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Volatile organic compounds of Acacia longifolia and their effects on germination and early growth of species from invaded habitats

Souza-Alonso, Pablo, González, Luís, López-Nogueira, Antonio, Cavaleiro, Carlos, Pedrol, Nuria
Chemistry in ecology 2018 v.34 no.2 pp. 126-145
Acacia longifolia, bioassays, biodiversity, biomass, canopy, chemical composition, ecosystems, flowers, gas chromatography-mass spectrometry, habitats, indigenous species, invasive species, leaves, malondialdehyde, phytotoxicity, seed germination, volatile organic compounds, Mediterranean region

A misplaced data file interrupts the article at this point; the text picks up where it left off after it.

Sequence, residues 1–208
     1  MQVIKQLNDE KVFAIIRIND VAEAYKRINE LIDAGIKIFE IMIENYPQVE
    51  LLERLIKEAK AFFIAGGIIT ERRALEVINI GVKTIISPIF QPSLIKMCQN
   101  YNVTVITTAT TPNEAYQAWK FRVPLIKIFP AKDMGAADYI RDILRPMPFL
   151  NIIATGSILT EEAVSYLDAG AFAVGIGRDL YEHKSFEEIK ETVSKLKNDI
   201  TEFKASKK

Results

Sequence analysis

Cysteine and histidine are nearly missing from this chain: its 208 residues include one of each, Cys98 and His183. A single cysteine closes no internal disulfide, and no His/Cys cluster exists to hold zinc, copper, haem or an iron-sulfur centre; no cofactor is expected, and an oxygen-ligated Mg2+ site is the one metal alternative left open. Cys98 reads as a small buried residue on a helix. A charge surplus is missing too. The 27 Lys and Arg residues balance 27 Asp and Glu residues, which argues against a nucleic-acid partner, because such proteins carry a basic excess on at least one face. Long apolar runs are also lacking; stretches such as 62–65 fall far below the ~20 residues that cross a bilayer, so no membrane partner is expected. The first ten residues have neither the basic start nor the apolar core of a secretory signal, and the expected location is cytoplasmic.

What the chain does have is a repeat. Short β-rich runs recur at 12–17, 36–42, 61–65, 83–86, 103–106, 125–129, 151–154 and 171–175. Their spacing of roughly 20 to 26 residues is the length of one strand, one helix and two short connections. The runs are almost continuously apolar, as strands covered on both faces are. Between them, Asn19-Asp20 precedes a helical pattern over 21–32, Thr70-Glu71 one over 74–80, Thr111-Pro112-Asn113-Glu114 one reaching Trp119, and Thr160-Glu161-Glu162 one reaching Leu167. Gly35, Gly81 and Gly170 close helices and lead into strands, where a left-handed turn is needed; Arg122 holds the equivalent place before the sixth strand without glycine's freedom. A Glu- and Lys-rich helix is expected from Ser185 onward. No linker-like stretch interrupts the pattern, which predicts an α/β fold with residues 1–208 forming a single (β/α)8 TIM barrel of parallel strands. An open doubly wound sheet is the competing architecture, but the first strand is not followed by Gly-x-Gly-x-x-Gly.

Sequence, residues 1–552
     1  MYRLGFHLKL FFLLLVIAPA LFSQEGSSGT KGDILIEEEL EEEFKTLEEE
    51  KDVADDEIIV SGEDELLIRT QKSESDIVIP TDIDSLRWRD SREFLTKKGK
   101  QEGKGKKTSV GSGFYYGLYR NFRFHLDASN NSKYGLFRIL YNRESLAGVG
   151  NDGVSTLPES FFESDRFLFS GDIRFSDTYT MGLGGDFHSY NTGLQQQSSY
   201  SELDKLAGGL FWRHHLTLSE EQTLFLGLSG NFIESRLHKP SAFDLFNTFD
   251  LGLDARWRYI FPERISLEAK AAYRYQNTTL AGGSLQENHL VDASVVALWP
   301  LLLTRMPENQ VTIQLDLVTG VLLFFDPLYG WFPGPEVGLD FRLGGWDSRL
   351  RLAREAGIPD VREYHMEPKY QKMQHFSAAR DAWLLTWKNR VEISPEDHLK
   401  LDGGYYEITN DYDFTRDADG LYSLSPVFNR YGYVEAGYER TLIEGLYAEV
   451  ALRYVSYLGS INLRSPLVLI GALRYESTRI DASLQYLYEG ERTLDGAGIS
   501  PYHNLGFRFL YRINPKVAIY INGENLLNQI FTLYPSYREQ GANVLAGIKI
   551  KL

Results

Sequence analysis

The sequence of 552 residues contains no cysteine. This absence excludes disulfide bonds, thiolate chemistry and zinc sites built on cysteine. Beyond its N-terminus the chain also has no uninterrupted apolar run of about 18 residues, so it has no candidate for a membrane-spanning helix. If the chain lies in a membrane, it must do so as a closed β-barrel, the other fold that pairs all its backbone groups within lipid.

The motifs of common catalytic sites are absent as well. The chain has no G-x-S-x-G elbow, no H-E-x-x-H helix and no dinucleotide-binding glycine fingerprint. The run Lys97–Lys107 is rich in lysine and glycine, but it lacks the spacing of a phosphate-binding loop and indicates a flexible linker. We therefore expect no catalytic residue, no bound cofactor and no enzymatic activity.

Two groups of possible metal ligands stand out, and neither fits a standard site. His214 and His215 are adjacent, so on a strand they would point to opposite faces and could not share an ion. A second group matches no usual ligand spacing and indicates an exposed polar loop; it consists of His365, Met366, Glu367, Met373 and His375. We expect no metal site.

Acacia longifolia, a highly invasive species that invades coastal ecosystems in Mediterranean areas, produces significant impacts at different scales. Abundant foliage and thick canopies create a dense atmosphere that led us to hypothesise that the release of volatile organic compounds (VOCs) could play a role in the reduction of biodiversity observed in invaded areas. Therefore, we suggested that VOCs emitted by A. longifolia could exert inhibitory effects on physiological and biochemical parameters of native species. Using glass chamber bioassays, we evaluated the effect of aerial contact between VOCs from different plant parts of A. longifolia material and some native species. Volatile chemical composition was further analysed using GC-MS. Our results indicated that VOCs produced a notably reduction of seed germination. Furthermore, volatiles from leaves and flowers significantly decreased root length, shoot length and biomass for all species. Proline and malondialdehyde content did not significantly increase after contact with VOCs. Finally, chemical profile of VOCs from flowers, leaves and litter was significantly different, both qualitatively and quantitatively. As far as we know, our results constitute the first evidence of phytotoxicity induced by VOCs from A. longifolia, suggesting that flowers and leaves could influence its surrounding environment through VOCs release.